Preheat the oven to 425°, placing one rack in the top third and one in the bottom third. After the dough is proofed (meaning it has risen again, like our Lord Jesus), spread the potato mix over one pan and the tomato mix over another. Before I put them in the oven I'll also drop a few unpeeled cloves of garlic over the mix as well. Potato goes on bottom rack, tomato on top; switch them midway through. In my shitty oven the tomato takes about 35-40 minutes; the potato closer to an hour. The tomato is done when the pie's edges start rising up from the pan; the potato is done when the potatoes are brown or almost black; serve at room temperature.

Saturday, December 19, 2009

rilletes, 2me parte

This morning (having potted and covered the meat late last night), it's looking like a failure. Way, way oversalty, even though I followed (by eye) Larousse's direction for quantity of salt. I even felt like I undershot it a little since I was using kosher, but it's possible I vastly overseasoned. We'll see if a few days in the fridge mellows it or makes some magic curative fluid exchange for to happen, but as of now, it's a few pots of porky Bovril.

Friday, December 18, 2009

Pork Rillettes

For a New Year's Eve appetizer (and to start the blog off totally contrary to what its title suggests), I'm faking the pork rillettes from Bourdain's cookbook. The recipe wants shoulder, belly, and an undefined "pork fat," plus bouquet garni and s&p. My man only had some Berkshire pork belly along with various fatty bits cut off the same pig. Since, with the requisite time for it to get to know itself, this had to happen either tonight or next year, that's what I'm working with. Like single-malt scotch, but swine, it will either be sublimely delicious or a uniquely concentrated failure.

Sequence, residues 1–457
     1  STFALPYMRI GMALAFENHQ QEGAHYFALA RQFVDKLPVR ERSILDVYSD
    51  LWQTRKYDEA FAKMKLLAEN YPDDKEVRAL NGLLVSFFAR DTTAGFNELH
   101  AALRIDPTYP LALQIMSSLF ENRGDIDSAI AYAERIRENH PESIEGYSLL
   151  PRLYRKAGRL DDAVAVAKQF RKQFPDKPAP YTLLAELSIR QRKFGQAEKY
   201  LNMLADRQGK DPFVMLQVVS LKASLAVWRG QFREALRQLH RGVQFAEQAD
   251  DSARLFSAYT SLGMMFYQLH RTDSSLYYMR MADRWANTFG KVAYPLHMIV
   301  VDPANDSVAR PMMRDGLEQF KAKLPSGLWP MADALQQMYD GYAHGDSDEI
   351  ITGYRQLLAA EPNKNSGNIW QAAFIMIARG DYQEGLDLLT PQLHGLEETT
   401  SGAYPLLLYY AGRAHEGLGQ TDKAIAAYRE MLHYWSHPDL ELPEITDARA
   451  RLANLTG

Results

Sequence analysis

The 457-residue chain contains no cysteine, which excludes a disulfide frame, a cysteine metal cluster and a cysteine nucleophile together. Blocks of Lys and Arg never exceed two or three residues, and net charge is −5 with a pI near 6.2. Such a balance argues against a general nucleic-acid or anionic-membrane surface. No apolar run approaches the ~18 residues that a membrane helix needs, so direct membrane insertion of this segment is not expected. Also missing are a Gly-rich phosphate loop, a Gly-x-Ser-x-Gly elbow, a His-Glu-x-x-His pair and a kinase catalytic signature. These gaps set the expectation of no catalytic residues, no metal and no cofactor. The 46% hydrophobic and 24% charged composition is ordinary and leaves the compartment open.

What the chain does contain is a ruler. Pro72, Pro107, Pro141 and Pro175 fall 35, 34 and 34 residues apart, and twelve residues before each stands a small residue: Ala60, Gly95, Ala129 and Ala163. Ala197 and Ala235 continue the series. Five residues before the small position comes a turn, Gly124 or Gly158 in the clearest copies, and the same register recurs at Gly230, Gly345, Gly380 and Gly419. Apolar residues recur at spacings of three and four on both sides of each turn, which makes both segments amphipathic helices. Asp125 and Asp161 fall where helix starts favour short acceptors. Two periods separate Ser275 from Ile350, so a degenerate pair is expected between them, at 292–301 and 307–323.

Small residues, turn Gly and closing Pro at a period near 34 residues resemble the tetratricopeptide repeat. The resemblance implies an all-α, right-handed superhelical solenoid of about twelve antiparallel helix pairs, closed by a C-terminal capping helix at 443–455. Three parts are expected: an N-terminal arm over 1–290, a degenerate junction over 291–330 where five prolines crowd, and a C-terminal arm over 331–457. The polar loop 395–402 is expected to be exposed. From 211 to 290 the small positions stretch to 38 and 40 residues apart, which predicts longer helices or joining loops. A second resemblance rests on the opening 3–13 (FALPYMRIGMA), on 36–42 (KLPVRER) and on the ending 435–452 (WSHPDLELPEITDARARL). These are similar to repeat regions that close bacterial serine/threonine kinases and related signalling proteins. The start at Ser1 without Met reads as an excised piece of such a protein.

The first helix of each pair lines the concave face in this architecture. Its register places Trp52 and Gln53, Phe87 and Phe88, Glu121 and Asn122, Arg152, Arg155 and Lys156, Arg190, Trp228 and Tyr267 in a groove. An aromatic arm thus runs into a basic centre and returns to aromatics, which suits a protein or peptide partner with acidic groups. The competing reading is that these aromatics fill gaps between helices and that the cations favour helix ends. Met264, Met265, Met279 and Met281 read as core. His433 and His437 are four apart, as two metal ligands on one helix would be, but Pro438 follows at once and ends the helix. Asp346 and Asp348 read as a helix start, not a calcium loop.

Other recipes I'm reading suggest that this is something that approximations are not going to ruin. It was the meatier end of the belly, so I think the meat/fat balance will be okay. I'm just a little worried about all the meat being from the same area, and also the fact that I have no clue what it's really supposed to come out like. "Pig jam" is a pretty evocative description, so that's what I'm going for. The other question is whether the belly in the recipe was intended to be already cured or salted. I'm assuming it was, and since mine was fresh, I'm adding about 1T salt at the beginning and then adjusting at the end.

Finally, after it was somewhat underway, I took a look at Larousse, who thought cloves and peppercorns might be nice to make it Tours style, and I agreed. It said we should use cheesecloth, but I figure I'll just fish these out later one by one, since they're the only non-grey things in the pot and also I have no cheesecloth.
Here's what it is:
2.5 lbs meaty pork belly
1 lb fat cut from the back of a standing rack of ribs, with some of the meat attached
.5 lb random fat scrap
Bouquet garni
A few whole cloves and peppercorns
Salt and pepper

Here's what I'm doing:
1. Separating meatier bits from fattier bits (which ended up being roughly 3:1)
2. Cutting larger meatier bits down to about 1.5" cubes
3. Dicing fat 1/2"
4. Throwing everything in a pot w/ bouquet garni and 4c. water, bringing to a simmer, then keeping covered on a low flame until the meat is fork-shreddable
5. Tonight, pull the meaty bits out and put it all in to chill overnight (since it'll be ready around midnight), and tomorrow shred the meat with forks
6. I'll let you know how it goes. I think I'll pour it in rocks glasses.